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Re: persistent identities
At 12:23 PM 2/26/97 -0500, David P. Kemp wrote:
>> >The premise of SPKI is that persistent identities are an unnecessary
>> >middle step between the public key and the "stuff" (names, email
>> >addresses, priviledges, etc) to be attached to that key. Therefore
>> >persistent identities have been eliminated as a concept from SPKI.
>> I would rather say that as we discussed other people's attempts at providing
>> persistent identities, c/o X.509, we discovered that they failed. If
>> persistent identity were possible, then it might be desirable to indirect
>> through it. However, I'm not sure it's possible in the first place, short
>> of doing something like tattooing numbers on each human's forearm (or
>> forehead). I'm therefore not sure it's acceptable in the land of the free.
>> There's a basic freedom in the US to change your identity -- do adopt an
>> assumed name and start over -- to enter your own witness protection program.
> Since you are the second to misinterpret what I meant to say, I must not
>have said it very clearly. I'll try again.
I was probably responding to others rather than you. There are those who
advocate ID certificates in order to prevent someone's generating a second
key for himself and avoiding negatives attached to his previous "name". I
realize that you weren't doing that, but these arguments are stored together
in my mind and when ID certs are advocated I tend to reply to both.
>By "persistent identity", I meant persistent with respect to a single
>CA, not a unique ID permanently attached to a particular human. Say
>you open a Swiss bank account, and get an account number from the bank.
>If you open another account with a different bank, you get a different
>number, totally unrelated to the first.
>My only point was that if the account number (your identity to a single
>bank) is actually your SPKI public key, then updating keys as a routine
>good crypto practice means updating your identity. That's much more
>clumsy than updating your key but keeping the same identity.
I think we are in agreement, or very close to it.
I did have one second thought after sending my previous message to you.
When I said that a name is not subject to cryptanalysis, that's true --
however, I didn't mean to imply that the whole process is less vulnerable to
cryptanalysis if names are used. The CA (in your terminology) must still
have a key and that key is subject to aging, theft, breaking, ....
When you indirect through some CA's key, using a name local to that CA, you
have the same number of keys as if you had generated your own long SPKI
group key to indirect through. The CA might protect its key better than you
could, but then the CA's key is used for so many different people that it
becomes more attractive for attack or subversion. A true risk analysis of
this situation might be interesting to see. I wonder (not expecting an
answer) if NSA has already done such an analysis....
>An X.509 cert with subject name C=CH, O=Bank of Geneva, CN=03827a6b387283fd29*
>would do just fine in this environment, without any adverse privacy
>considerations for the account holder. The account holder can "write
>checks" using the same "name" for as long as the account is active, while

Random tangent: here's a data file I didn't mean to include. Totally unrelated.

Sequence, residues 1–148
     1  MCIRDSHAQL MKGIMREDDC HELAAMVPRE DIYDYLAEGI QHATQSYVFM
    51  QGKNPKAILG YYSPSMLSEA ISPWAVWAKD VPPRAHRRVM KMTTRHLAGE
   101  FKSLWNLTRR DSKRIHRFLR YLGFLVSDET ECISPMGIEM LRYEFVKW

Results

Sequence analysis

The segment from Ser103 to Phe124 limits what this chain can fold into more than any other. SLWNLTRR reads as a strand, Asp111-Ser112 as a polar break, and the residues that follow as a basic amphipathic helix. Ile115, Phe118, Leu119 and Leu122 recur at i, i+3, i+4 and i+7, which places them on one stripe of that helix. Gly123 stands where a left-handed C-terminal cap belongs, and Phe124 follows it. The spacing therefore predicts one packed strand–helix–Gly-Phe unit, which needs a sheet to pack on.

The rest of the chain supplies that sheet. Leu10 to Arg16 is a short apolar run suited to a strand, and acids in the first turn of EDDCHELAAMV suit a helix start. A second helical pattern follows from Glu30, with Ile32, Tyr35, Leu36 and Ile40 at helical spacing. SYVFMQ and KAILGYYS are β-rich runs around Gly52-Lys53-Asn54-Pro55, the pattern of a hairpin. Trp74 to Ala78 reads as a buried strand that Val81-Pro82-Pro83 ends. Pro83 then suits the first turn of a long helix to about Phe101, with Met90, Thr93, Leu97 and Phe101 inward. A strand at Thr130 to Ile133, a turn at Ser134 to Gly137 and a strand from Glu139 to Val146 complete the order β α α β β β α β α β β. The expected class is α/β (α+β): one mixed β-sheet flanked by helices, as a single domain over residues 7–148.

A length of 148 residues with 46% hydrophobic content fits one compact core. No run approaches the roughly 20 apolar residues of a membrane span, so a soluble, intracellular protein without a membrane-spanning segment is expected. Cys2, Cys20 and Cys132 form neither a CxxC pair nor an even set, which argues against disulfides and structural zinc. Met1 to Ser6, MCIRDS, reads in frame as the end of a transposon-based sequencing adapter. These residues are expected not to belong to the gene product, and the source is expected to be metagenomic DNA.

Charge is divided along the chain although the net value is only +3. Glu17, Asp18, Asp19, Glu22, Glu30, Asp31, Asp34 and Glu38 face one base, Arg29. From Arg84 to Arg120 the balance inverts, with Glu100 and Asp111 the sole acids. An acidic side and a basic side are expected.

>still being able to refresh his keys every year.
I think we're coming to a real agreement. If you indirect through something
more secure than your daily key, you can achieve the ability conveniently to
change daily keys without disturbing the slumber of the folks who have
issued you authorizations. Given that as agreed, we come to the question of
who owns the indirection and whether it is via a name or a key. The name
versus key choice is the difference between SDSI and SPKI group definitions.
The new draft (to be posted soon) proposes extending the Subject field to be:
1) a public key
2) the hash of a public key
3) a SDSI name which can map to a public key (at least eventually)
4) the hash of an object
With (4), one can issue SPKI certificates which apply specific attributes to
some signed document or code (e.g., "I've tested this code for viruses" or
"I give this program a rating of 4 mice" or "I'm VP # 6 and sign this P.O.").
With (3), SPKI can create SDSI groups -- ie., indirecting through a name.
However, as I argued above, the use of a name doesn't reduce the number of
keys involved in the path and therefore may not increase security at all.
Security might be decreased by the use of a name (on the theory that each
extra link -- each indirection -- is a new potential point of attack).
The question of who owns the indirection is also up to the user. SPKI
allows a user to generate and hold onto his own indirection key or
a trusted third party to do that for the user. My preference is to hold
the indirection myself, but I can see arguments on both sides. (For
example, if a TTP does it, they might define a phone number and voice
protocol for you to use to declare a key compromised.)
>* technically, one would probably use the attribute type SerialNumber (5)
> instead of CommonName (3) to represent a bank account number in a
> Distinguished Name.
For that matter, have you looked at SET? They use CommonName for the keyed
hash of an account number, for cardholder certs. I would have expected
X.509 purists to howl at that.
P.S. The idea of key validity has been nagging at me, but I'll start a
different thread on that one.
|Carl M. Ellison email@example.com http://www.clark.net/pub/cme |
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